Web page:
Jewish Telegraphic Agency
He used to have visitors during Passover -- pilgrims, in
This year, it may take a miracle. But for Elfassie,
miracles are a part of daily life.
"They came from all over to visit," boasts the
dark-complexioned, white-bearded Elfassie in Arabic, adjusting his pointy,
knit skullcap. "They arrived from
The tzaddik is Rabbi Shlomo ben Hensh, dead 500 years
but still revered like a saint. Elfassie has devoted the last 24 years of
his life to guarding the tzaddik's tomb.
These days, few visit Elfassie and his tzaddik to ask
for blessings. Israeli tourism to
But the spirit of the tzaddik has survived many crises
during his five centuries interred in the
Most members of the Moroccan Berber tribes are Muslim
today. However, some North African Berbers, like Elfassie's ancestors,
were Jewish before Arab conquerors arrived here more than 1,300 years ago.
Like their Muslim counterparts, who revere each departed
holy man, Jewish Berbers always made the commemoration of tzaddiks a
cornerstone of their religious life.
Today, commemoration is not merely life's cornerstone
for Elfassie -- it is life.
Fifty years ago, he says, Ourika had 300 Jewish
families, two synagogues, Jewish schools, rabbis to perform circumcisions,
bar mitzvahs and weddings, and plenty of kosher food and matzah.
Elfassie worked the
Then his family and friends joined a wave of Moroccan
Sa'ada, who was born in Ourika and devoted her life to
guarding the tzaddik, died in 1978. Elfassie and Yamna assumed sole
responsibility for the rabbi's tomb.
Two years ago, after more than 40 years of marriage,
Yamna died. The couple never had children.
Now, Elfassie is alone with three graves -- those of his
wife, his mother and the man they stayed in Ourika to watch, the tzaddik.
"There are still many tombs of tzaddikim around
Elfassie begins recounting the legend of Rabbi ben Hensh:
"More than five centuries ago, he came from
"He was coming to collect tzedakah donations to
bring with him back to the
"Though he was about to die from his wounds, Rabbi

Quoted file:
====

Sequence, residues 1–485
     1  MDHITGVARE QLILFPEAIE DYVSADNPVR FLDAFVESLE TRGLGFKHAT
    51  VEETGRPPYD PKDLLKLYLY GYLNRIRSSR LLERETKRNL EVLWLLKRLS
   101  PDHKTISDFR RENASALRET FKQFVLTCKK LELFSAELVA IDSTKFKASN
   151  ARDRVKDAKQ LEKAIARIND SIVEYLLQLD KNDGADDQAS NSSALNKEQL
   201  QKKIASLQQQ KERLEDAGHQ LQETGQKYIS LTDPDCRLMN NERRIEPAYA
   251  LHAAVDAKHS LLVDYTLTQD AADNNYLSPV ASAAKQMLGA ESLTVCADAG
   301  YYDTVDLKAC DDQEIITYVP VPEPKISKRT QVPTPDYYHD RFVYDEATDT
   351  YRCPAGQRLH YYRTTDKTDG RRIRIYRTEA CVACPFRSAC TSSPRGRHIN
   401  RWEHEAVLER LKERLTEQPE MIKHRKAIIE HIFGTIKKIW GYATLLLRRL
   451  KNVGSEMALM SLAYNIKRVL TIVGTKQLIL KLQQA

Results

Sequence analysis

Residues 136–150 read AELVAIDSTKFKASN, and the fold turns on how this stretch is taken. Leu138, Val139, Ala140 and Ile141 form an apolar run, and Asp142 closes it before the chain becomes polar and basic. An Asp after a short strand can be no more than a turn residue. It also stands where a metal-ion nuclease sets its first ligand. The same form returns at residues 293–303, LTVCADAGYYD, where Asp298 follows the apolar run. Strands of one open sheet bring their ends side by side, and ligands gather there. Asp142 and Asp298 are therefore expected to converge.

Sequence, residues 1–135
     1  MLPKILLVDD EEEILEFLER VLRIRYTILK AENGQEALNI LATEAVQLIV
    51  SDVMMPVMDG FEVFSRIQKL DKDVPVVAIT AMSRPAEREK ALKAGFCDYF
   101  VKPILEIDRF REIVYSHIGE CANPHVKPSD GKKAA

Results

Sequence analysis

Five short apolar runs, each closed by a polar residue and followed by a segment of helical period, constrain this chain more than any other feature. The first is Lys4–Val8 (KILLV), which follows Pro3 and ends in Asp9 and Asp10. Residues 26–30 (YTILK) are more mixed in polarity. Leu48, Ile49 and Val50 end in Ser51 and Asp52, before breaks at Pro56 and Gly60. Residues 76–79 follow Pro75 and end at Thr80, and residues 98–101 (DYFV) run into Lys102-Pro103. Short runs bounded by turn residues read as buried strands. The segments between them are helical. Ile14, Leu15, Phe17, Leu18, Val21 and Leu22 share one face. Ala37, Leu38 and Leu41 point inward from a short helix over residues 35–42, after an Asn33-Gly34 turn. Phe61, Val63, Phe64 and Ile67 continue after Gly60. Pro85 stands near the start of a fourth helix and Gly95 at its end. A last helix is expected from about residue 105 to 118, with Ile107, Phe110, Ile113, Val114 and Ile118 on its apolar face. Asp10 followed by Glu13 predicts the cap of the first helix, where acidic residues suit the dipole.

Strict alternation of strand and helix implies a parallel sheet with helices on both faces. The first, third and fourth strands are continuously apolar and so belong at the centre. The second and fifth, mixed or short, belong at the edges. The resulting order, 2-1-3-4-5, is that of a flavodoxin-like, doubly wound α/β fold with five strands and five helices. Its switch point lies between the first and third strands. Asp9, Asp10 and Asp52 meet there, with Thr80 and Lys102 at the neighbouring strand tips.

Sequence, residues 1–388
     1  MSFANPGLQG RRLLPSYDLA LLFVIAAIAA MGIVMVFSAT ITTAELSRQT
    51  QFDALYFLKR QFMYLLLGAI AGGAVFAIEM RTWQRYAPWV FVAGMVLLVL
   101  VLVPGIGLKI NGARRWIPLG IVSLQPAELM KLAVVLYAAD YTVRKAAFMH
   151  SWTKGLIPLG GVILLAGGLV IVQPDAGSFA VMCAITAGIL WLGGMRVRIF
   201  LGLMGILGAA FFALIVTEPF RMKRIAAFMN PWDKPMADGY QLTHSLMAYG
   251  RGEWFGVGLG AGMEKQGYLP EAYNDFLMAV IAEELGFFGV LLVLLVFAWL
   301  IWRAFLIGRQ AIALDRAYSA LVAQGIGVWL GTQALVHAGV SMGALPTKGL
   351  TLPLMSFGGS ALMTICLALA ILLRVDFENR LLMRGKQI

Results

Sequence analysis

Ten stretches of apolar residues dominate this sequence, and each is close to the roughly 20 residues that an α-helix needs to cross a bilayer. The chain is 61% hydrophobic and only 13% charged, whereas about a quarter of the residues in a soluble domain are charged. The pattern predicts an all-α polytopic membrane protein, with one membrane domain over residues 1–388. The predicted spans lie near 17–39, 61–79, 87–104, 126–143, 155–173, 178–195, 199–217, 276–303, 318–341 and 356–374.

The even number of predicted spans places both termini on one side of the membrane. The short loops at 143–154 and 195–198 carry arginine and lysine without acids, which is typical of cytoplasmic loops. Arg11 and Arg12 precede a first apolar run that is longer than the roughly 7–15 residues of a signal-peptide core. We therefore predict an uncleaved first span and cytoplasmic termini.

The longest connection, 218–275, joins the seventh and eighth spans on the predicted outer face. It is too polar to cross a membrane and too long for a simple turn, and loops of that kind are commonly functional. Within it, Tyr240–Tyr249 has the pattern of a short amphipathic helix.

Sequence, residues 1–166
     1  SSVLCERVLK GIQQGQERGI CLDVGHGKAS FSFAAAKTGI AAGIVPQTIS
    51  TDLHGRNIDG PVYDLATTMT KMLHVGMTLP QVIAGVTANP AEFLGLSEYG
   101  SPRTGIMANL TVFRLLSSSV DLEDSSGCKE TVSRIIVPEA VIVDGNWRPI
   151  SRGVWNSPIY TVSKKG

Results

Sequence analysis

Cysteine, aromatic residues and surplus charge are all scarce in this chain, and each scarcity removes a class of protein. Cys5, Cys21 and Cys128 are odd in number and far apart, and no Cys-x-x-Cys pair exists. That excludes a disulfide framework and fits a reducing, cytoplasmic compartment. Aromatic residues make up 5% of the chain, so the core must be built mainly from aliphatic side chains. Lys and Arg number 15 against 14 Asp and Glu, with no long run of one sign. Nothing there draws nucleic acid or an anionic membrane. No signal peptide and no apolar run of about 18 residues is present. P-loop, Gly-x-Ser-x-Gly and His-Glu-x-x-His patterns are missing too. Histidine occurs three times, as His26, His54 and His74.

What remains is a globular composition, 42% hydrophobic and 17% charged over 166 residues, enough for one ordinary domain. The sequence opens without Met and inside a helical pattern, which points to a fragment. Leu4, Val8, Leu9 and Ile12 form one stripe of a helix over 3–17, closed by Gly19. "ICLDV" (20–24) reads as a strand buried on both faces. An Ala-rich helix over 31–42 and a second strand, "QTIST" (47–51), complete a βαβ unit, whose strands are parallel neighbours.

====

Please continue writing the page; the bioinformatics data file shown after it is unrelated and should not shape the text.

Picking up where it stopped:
ben Hensh turned into a snake and hissed from the back of the mule to
protect his possessions. The bandits ran away terrified," Elfassie
"So the snake turned back into the rabbi, and he
rode to the
"But it was Friday," Elfassie says. "The
sun was going to set, to begin Shabbat. It is forbidden to ride on
Shabbat, the day of rest."
Elfassie proudly elaborates whatever Jewish knowledge he
has retained against the forces of time and isolation. He remembers few
standard Hebrew prayers, and reading in any language is a struggle for
him, but Elfassie said Kaddish daily for his wife and mother after they
"Then another miracle happened," he continues.
"The sun stopped going down."
He explains: "It is also forbidden to carry on
Shabbat, even for a mule. But with the sun stopped, it was OK, and the
mule came to this spot."
Elfassie points to the tomb before him, lined with
stacks of Hebrew prayer books contributed by foreign visitors. The room is
filled with a soft glow that permeates three windows divided into purple
and gold panes.
"The tzaddik buried himself here."
The primitive, ancient grave is covered with a raised,
white marble tomb donated by expatriate Moroccan Jewish devotees in 1976.
The Elfassies always felt that the tzaddik's bizarre
story was their most pressing Jewish reality. Although the Elfassies often
considered leaving the
Both Yamna and Elfassie saw a snake, which became a
stick and blocked the door. They believed the vision was a sign.
"The tzaddik does not want his grave to be
lost," Elfassie explains. "Insh'allah," he says in Arabic,
"May it be God's will that someone will come to protect the tomb when
He places his Jewish faith in God's will, but calls God
by the Islamic name "Allah."
Elfassie usually only travels from Ourika to Marrakech
to attend synagogue on the High Holy Days with the 240 remaining Jews
there, or to buy kosher meat. Soon he will make the long bus trip for the
Elfassie clings to the hope that ben Hensh's spell is
strong enough to attract visitors to Ourika during this Passover season,
despite the global political situation. But even more, Elfassie hopes that
new protectors will take his place preserving the tzaddik's memory -- the
last vestige of Berber-Jewish history in